Anil Netto looks at how a few selected countries are coping in their battle against Covid-19.
It is difficult to make sense of the daily rise in Covid-19 cases and how we are coping in our battle compared to other countries.
To me, this graph provides a more meaningful comparison of a few selected countries: Italy, Spain, South Korea, Thailand, Malaysia and Singapore. At least here we are comparing like for like – well, not quite, as there are other factors missing from this graph eg the number of tests carried out, the number of hospital beds and other resources available, the death rate and per capita government spending on public healthcare.
The vertical axis of this graph shows the confirmed cases per million people.
The horizontal axis shows the number of days that have lapsed since the confirmed cases per million people reached one case.
The graph shows that the number of cases per million people in South Korea initially spiked. But then it also quickly reached something of a plateau, probably due to the country’s ability to undertake extensive testing and treat the cases detected.
Italy and Spain too soared initially. But the rise now, though still grim and worrying, aggravated by a shortage of ICU beds, appears to be tapering ever so slightly, in Italy more than Spain. So that provides a faint glimmer of hope.
Malaysia rose quickly, but mercifully, the initial spike has not been as alarming as that in South Korea, Italy and Spain. The rate of increase here appears to be slowing a little after the movement restrictions came into force. The next few weeks will be critical to see if these restrictions will be enough to taper the rise even further.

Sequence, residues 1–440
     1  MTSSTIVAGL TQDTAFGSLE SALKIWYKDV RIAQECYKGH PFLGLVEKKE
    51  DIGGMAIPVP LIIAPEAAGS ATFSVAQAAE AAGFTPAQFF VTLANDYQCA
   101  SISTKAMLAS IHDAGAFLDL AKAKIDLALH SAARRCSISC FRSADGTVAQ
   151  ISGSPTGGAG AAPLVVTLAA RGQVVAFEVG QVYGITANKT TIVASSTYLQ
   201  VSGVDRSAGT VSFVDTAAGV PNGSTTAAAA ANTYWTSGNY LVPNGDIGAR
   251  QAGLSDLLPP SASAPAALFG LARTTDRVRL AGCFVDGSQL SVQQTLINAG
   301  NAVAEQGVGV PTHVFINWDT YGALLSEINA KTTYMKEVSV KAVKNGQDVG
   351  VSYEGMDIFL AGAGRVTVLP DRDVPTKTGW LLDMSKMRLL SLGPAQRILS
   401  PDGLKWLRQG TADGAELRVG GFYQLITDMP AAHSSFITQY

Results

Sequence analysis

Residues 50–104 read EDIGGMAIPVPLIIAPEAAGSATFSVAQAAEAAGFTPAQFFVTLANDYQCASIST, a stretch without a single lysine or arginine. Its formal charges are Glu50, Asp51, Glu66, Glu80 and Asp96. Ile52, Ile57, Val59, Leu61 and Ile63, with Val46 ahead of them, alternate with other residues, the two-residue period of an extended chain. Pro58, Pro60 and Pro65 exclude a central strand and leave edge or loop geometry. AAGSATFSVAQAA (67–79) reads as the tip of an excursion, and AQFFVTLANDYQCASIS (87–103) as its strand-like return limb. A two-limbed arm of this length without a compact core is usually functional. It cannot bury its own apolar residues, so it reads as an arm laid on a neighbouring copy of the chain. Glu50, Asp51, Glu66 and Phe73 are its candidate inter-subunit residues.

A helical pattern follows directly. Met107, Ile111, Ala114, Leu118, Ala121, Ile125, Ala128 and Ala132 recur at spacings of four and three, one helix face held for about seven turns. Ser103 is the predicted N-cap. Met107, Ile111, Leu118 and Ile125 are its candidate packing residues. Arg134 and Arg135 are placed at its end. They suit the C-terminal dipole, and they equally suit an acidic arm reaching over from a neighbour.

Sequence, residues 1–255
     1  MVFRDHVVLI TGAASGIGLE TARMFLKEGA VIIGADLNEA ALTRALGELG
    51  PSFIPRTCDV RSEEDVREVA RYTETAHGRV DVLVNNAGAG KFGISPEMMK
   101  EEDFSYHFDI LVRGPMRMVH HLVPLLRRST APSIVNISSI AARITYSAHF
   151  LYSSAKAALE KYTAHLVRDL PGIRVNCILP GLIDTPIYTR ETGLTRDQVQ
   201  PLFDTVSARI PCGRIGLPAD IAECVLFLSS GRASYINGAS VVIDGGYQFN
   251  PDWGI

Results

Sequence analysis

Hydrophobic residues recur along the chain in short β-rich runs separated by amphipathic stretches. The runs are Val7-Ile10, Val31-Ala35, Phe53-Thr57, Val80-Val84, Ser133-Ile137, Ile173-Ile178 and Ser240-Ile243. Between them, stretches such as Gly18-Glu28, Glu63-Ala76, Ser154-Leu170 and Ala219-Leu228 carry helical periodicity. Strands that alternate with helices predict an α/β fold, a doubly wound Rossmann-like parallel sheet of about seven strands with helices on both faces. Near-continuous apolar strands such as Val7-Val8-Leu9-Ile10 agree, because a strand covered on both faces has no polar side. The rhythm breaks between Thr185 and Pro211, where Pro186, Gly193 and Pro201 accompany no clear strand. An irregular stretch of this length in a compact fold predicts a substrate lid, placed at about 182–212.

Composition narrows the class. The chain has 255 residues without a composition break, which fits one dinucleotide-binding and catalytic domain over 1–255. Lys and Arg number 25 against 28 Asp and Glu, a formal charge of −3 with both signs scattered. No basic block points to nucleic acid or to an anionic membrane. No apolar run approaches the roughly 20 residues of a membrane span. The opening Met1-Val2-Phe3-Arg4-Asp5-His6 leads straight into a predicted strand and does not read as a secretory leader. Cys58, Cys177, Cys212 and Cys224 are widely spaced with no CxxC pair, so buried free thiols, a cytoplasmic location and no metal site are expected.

I tried to include Canada in this graph. But remarkably, the Canadian trajectory is so similar to the Malaysian experience it would have overshadowed the Malaysian line; so I had to leave out Canada!
Now, this is remarkable for Malaysia considering that Canada has one of the most renowned universal healthcare systems in the world. Malaysia is also faring not too badly compared to Australia (not in the graph), another country known for its healthcare system.
The Malaysian public healthcare system had previously shown its mettle in combating Sars and the Nipah virus, despite decades of chronic underfunding (only about 2% of gross domestic product spent on public healthcare) compared to more than 6% in developed countries..
Over the decades, the Malaysian public healthcare system even had to play second fiddle as a few state governments diverted their focus to holding stakes in certain “private” hospitals and promoting medical tourism. We can see how shortsighted that approach was now.
So how the Malaysian healthcare system is coping now is testament to the dedication of our public healthcare personnel and its civil service leadership.
Few realise that the number of cases per million people in Malaysia is still lower than in Singapore – though the latter has managed to quickly stem its rise in cases to sharply taper off over a longer period since reaching its first case per million people. For that, Singapore’s approach has been held up as a model internationally. That said, Malaysia’s trajectory was similar to Singapore’s in the initial stages, and the former only spiked after hundreds of cases emerged from the mass Tabligh gathering here.
Thailand, ranked the best in South East Asia by Global Health Security for its ability to handle a healthcare emergency, is not doing badly either. Despite an initial spike, its rate of increase has fallen below Malaysia’s. In terms of number of confirmed cases per million people, it is the lowest among all these selected nations at just 13 cases (Malaysia – 55, Canada – 74, Singapore – 95 and South Korea – 178). Of course, the latter three countries, especially South Korea, have done way more testing.
So it will be interesting to see how all these nations are faring in a week’s time. Let’s pray that the rates of increase for all of them will taper off quickly and even start falling before long so that fewer people will have to suffer.